With the 26 letters of the alphabet, we can make pretty much any sound present in the majority of languages. But Japanese just doesn’t contain certain sounds present in English, like “th” or “v”, and their “r” is somewhere right between our “r” and “l”, making them sound almost exactly the same to Japanese ears.
Since most Japanese people grow up only speaking Japanese, it means that when they start learning English at school, they either have to learn entirely new sounds (difficult) or else try to render English in Japanese sounds (which isn’t accurate). As a result, many Japanese English learners feel a lot of anxiety over the accuracy of their pronunciation. But should that really be holding them back?
Japanese syllables generally consist of the vowels a, i, u, e, o, and consonant-vowel compounds such as ka, shi, tsu, etc. Therefore, rendering English into Japanese pronunciation results in extraneous sounds. Take, for example, the anime buzzword “waifu“, from the English word “wife”. In Japanese, this can only be rendered into three syllables: WA, I, and FU. The extra “u” sound at the end sounds odd to native English-speaking ears, but is perfectly natural in Japanese. In fact, our cut-off consonants probably sound pretty weird to them, like we’re only pronouncing half of the letter.
Rather than learning English the way a native-speaking child would, through memorising phonics, many Japanese students rely on pronunciation guides which provide that word in a Japanese pronunciation. Known as “Katakana English”, rendering English into Japanese script actually impedes learning, and is an almost impossible habit to break. Sometimes, however, it’s just too difficult for an ear untrained to English to discern a word without the “crutch” of a Japanese pronunciation. Just the other day, I was talking to a Japanese friend about RocketNews24, and I lazily pronounced it “Rocket News”. After a puzzled silence, I tried “Roketto Nyuusu” and was finally met with a smile of recognition.
As we’ve previously lamented, much of the English education in Japanese schools revolves around standardised test-taking and memorising written grammar over learning pronunciation. So it’s probably not much of a surprise that Japanese people who learn English as a second language tend to have a Japanese accent to some degree. But is this really a Japan-specific thing? Personally, I’ve known many people from a variety of countries who speak excellent English as their second language, yet still retain a distinctive accent. It doesn’t mean that their English is any less accurate.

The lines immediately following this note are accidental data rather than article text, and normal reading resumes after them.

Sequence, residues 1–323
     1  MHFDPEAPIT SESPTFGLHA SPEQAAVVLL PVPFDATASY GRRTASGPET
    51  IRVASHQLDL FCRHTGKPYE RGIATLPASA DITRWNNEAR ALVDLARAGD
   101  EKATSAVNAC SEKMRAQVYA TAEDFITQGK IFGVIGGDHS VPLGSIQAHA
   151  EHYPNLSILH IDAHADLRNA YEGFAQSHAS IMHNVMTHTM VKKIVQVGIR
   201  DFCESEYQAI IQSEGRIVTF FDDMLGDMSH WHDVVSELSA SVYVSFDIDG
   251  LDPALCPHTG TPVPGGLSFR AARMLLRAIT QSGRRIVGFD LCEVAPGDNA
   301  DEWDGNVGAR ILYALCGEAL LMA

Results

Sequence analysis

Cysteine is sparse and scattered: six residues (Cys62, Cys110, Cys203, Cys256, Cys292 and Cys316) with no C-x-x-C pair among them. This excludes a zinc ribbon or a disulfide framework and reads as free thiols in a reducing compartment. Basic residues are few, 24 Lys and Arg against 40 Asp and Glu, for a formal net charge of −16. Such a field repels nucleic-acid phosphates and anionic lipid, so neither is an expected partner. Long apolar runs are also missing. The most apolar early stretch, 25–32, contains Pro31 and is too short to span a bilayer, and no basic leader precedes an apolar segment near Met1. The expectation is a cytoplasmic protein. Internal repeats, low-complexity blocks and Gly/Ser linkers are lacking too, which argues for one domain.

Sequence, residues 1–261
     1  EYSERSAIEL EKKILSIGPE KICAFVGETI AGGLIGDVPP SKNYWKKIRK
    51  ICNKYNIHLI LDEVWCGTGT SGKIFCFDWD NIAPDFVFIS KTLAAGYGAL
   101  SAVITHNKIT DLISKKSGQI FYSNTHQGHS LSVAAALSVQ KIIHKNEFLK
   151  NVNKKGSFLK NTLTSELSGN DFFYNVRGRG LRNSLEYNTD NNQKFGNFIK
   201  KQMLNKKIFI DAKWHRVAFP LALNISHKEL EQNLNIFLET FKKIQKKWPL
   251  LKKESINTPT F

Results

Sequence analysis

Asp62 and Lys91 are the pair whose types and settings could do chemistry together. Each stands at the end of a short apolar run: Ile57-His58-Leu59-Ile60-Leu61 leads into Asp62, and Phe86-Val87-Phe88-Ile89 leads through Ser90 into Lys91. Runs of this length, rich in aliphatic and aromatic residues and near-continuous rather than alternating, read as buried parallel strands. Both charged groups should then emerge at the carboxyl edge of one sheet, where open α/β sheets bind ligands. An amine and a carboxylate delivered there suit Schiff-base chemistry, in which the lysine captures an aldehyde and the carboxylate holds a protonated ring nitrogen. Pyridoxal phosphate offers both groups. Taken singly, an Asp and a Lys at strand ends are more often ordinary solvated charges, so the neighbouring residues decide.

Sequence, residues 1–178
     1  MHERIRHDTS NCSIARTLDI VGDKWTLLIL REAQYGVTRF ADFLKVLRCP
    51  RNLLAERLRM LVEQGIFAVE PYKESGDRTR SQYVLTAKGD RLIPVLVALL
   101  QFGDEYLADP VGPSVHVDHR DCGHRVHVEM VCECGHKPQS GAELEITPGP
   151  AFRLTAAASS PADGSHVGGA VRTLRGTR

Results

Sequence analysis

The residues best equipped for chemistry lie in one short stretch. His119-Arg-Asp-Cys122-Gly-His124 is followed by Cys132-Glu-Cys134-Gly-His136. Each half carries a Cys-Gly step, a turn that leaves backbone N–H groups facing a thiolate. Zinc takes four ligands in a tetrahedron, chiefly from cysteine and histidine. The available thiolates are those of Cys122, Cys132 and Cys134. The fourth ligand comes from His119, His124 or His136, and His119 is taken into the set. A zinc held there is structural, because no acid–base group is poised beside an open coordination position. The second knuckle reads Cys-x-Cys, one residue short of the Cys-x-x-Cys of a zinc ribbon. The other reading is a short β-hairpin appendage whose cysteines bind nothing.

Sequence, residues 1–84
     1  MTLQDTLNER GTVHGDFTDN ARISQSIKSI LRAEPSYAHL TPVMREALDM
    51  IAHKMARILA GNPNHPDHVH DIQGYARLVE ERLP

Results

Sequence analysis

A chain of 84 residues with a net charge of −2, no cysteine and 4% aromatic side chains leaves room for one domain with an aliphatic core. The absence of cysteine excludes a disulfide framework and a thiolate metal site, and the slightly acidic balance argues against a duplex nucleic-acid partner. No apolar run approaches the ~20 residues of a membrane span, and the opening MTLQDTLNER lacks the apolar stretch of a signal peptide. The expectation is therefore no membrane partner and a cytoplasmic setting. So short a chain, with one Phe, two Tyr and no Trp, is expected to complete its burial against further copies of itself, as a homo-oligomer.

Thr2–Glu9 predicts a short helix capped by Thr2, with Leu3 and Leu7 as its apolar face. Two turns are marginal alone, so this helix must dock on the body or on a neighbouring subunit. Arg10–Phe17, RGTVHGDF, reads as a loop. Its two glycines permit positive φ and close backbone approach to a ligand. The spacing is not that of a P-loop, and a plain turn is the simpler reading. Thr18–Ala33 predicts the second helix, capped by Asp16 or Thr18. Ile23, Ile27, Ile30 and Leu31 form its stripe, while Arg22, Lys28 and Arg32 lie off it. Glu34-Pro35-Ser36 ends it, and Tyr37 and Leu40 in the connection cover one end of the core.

So why is it that Japanese people are so paranoid about their accent?
▼ Recently, English education in Japan is increasingly leaning towards emphasising spoken English.
Paradoxically, Japanese English learners can sometimes feel more comfortable speaking English with other English speakers rather than in front of their fellow Japanese. The other day I went to a nail salon in Tokyo, and was assigned a nail technician who had recently returned from a working holiday in the US. She was so nervous about the prospect of speaking English to me in front of her Japanese colleagues she was practically trembling, but once the novelty wore off and the others stopped paying attention, she relaxed. “I don’t mind speaking English with English-speaking people,” she explained, “But I can’t do it in front of other Japanese people.”
Recently, a TV interview in English with New York Yankees’ pitcher Masahiro Tanaka caught the attention of Japanese netizens because they didn’t feel his English was accurate enough. “He said ‘My name is’;” complained one Japanese commenter, “nobody actually says that in English, it sounds old-fashioned!” Others, thankfully, were quick to respond with comments along the lines of “Who cares? It’s still English!” and another commenter stated: “Now I know why Japanese people are so scared to be seen speaking English in front of other Japanese people. It seems native English speakers are more understanding! What’s that about?”
▼ Masahiro Tanaka. Skilled pitcher, budding bilingual.
It may be too late now for many Japanese English speakers to go back and undo years of standardised tests and “Katakana English” lessons, but it seems that the more immediate issue is overcoming that pronunciation anxiety and just relaxing into it. Of course, there’s nothing wrong with being a perfectionist, but it’s important not to sweat the small stuff. And as far as problems rank, having a bit of an accent when you speak really isn’t such a big deal after all, is it?